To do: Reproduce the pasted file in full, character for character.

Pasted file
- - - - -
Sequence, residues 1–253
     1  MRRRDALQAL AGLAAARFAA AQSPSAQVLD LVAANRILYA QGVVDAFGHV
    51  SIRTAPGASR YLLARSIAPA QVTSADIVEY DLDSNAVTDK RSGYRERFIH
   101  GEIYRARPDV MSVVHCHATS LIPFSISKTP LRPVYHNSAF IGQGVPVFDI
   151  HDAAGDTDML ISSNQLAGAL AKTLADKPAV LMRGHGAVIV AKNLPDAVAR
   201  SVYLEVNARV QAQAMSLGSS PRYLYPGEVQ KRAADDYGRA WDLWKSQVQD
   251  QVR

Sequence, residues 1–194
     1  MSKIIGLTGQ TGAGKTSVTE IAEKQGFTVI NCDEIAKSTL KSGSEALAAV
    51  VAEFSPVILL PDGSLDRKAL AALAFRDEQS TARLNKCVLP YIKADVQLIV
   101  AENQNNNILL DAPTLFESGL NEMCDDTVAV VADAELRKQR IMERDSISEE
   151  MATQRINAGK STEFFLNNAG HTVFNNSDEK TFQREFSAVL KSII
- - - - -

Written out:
Sequence, residues 1–253
     1  MRRRDALQAL AGLAAARFAA AQSPSAQVLD LVAANRILYA QGVVDAFGHV
    51  SIRTAPGASR YLLARSIAPA QVTSADIVEY DLDSNAVTDK RSGYRERFIH
   101  GEIYRARPDV MSVVHCHATS LIPFSISKTP LRPVYHNSAF IGQGVPVFDI
   151  HDAAGDTDML ISSNQLAGAL AKTLADKPAV LMRGHGAVIV AKNLPDAVAR
   201  SVYLEVNARV QAQAMSLGSS PRYLYPGEVQ KRAADDYGRA WDLWKSQVQD
   251  QVR

Sequence, residues 1–194
     1  MSKIIGLTGQ TGAGKTSVTE IAEKQGFTVI NCDEIAKSTL KSGSEALAAV
    51  VAEFSPVILL PDGSLDRKAL AALAFRDEQS TARLNKCVLP YIKADVQLIV
   101  AENQNNNILL DAPTLFESGL NEMCDDTVAV VADAELRKQR IMERDSISEE
   151  MATQRINAGK STEFFLNNAG HTVFNNSDEK TFQREFSAVL KSII